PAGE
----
CAMBRIDGE — I’ve seldom written about food; however, I’ve had the privilege of talking to a trio of Canadian food writing giants.
Although we never met, Edna Staebler — author of Food That Really Schmecks and other monstrous best sellers — would occasionally phone me when I was an arts writer for the Waterloo Region Record.
She would call in response to an article or review she especially enjoyed. She was always generous and gracious. Our conversation would predictably slip into topics of mutual interest such as writer W.O. Mitchell. I was taught at Trent University by Mitchell’s youngest son Orm and had interviewed the author a few times including when he gave a reading in Waterloo and when the Blyth Festival staged The Black Bonspiel of Wullie (later changed to Willie) MacCrimmon. Mitchell’s masterpiece Who Has Seen the Wind remains one of my favourite novels. Staebler knew Mitchell from their days contributing to Maclean’s magazine. Mitchell and his wife Merna often visited Staebler at her home at Sunfish Lake.
Although not a food writer in the normal sense of the term, Margaret Visser has examined the ceremonies and rites associated with food and eating with insight and eloquence. I interviewed her prior to a reading in Guelph when she was touring The Rituals of Dinner. Talking to her was a delight; however, I remember the evening of the reading with mixed feelings. The reading was wonderful, but when I got home later I found my wife at the time, decked out in my rubber boots, heroically losing a battle with a backed-up sewer that was discharging nasty water into our basement.
For the life of me, I don’t know how I missed meeting Rose Murray, the celebrated food writer who lives in Cambridge. After all, I’ve lived in Waterloo Region for three decades, about as long as she’s been a star in the galaxy of Canadian cooking.
Murray’s name came up while my partner Lois and I were dining with friends in Guelph. Mike Ridley, Chief Information Officer at the University of Guelph, not only praised one of Murray’s cookbooks, he insisted she was one of the sweetest women you could ever meet.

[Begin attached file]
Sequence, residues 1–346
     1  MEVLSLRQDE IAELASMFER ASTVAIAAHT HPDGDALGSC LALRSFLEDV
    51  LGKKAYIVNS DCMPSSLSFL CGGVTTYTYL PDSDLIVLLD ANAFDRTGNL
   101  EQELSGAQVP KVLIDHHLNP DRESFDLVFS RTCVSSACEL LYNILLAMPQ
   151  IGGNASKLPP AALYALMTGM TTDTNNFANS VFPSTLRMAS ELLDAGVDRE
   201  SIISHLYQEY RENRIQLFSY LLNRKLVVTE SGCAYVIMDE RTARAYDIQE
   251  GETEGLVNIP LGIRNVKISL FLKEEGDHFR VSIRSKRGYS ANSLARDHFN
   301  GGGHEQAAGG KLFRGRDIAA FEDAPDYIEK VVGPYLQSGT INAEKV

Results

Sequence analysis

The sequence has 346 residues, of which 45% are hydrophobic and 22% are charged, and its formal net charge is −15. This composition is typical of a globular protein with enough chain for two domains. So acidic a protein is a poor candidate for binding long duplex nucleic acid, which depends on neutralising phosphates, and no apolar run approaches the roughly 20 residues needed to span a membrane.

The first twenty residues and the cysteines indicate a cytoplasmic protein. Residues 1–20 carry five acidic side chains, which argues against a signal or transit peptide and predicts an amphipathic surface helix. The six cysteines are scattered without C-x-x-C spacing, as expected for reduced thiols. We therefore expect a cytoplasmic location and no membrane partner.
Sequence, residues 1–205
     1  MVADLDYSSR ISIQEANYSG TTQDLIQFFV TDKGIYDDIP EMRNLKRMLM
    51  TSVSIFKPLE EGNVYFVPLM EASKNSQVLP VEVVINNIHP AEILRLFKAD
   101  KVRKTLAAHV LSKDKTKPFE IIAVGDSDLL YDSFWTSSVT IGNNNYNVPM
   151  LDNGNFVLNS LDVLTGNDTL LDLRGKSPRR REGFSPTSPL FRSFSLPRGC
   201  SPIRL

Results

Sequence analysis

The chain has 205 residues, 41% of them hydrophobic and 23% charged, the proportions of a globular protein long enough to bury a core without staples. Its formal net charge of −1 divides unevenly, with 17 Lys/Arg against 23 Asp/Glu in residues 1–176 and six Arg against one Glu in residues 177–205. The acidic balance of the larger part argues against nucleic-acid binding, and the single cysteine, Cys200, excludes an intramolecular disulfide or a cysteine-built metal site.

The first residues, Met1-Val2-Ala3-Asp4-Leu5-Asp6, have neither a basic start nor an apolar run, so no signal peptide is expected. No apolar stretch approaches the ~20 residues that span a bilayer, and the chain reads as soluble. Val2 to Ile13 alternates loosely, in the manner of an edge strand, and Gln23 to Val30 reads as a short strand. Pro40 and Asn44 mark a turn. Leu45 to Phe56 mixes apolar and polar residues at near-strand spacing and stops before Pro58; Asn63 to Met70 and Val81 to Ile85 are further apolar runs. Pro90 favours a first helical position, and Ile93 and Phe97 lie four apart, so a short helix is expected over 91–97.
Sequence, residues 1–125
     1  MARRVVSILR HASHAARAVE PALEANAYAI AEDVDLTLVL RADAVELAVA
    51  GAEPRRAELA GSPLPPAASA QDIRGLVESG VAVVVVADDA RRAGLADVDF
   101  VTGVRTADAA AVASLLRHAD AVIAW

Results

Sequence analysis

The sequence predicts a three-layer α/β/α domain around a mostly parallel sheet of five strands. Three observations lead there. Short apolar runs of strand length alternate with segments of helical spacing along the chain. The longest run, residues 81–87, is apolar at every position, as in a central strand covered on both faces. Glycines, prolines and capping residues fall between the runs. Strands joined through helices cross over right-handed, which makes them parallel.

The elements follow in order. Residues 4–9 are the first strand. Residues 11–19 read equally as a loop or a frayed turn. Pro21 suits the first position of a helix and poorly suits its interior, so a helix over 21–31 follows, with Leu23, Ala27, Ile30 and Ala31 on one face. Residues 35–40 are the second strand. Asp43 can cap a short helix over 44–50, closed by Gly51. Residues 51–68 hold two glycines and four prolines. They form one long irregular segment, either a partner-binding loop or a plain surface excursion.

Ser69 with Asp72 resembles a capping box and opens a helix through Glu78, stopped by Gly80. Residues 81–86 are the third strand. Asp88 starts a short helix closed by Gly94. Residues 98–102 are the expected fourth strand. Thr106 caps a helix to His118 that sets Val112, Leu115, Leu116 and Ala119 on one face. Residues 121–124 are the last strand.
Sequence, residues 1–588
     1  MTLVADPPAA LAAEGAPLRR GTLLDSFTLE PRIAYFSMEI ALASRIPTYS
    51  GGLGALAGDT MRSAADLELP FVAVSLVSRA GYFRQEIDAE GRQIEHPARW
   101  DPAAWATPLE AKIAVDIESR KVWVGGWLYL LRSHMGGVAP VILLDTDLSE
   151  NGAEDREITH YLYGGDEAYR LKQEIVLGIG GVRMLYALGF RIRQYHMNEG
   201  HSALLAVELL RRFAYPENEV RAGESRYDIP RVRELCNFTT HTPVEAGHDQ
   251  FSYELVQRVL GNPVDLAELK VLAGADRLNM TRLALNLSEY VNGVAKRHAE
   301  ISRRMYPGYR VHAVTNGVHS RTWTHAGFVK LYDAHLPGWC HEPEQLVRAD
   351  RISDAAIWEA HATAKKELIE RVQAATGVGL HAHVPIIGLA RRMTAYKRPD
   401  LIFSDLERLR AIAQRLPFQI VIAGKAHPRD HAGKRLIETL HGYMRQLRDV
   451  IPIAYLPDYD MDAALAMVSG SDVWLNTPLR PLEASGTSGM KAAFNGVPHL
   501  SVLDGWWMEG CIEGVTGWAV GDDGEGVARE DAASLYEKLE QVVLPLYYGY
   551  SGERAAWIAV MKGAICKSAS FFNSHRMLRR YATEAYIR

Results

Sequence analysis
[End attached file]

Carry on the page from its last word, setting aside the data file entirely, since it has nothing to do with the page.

The temptation was too great. I emailed Murray when I got home, only to discover she had not only studied English at Trinity College, but had taken a course with Robertson Davies, the writer about whom I had written my master’s thesis. I called and we arranged a meeting within two days of my first hearing of her.
Before talking about food, I asked Murray about her recollections of Davies. She smiled before describing him in one word — “Arrogant”. Ouch.
It’s as clearly abundant as a Norman Rockwell Thanksgiving illustration that Murray has feasted on life during her 74 years — traveling, studying about food and cuisine and writing about what she has learned in 14 popular cookbooks, the mere tip of the gastronomic iceberg in terms of her publishing and broadcasting career.
Murray grew up on a prosperous, mixed farm south of Collingwood, with ‘a huge vegetable garden and lots of fruit trees.’ She adds: ‘We killed our meat and kept it in a freezer locker in town. We made our own butter and cream. We were self-sustaining.’
A powerful sense remains of a woman with her feet firmly planted in deep, rich soil. The only moment she looses patience in a wide-ranging chat is when she dismisses diet fads such as gluten-free and no-carbs. She believes a well-balanced diet supported by all the food groups is one of the keys to healthy living.
She really got her dander up when the conversation turned to The 100-Mile Diet, a best-selling book that was a Waterloo Region One Book, One Community choice in 2008. Not only was the book “poorly written,” the yuppie co-authors clearly didn’t know much about what they were preaching, including how to preserve, according to Murray who learned canning and preserving from her mother. ‘People glommed onto that horrible book as if it was something new,’ she asserted. ‘Eating fresh produce which is grown and raised locally is a very old idea.’
I’ve deliberately started this blog entry with the most contentious opinions Murray expressed during our hour-long chat as kind of a curve ball or slider. Fact is, she radiates a charm that is not only beguiling but infectious.
Although Murray left the farm to go to university, a paraphrase of the old adage applies — you can take the girl off the farm, but you can’t take the farm out of the girl. Consequently she has never forsaken her deep respect for the agricultural traditions of food.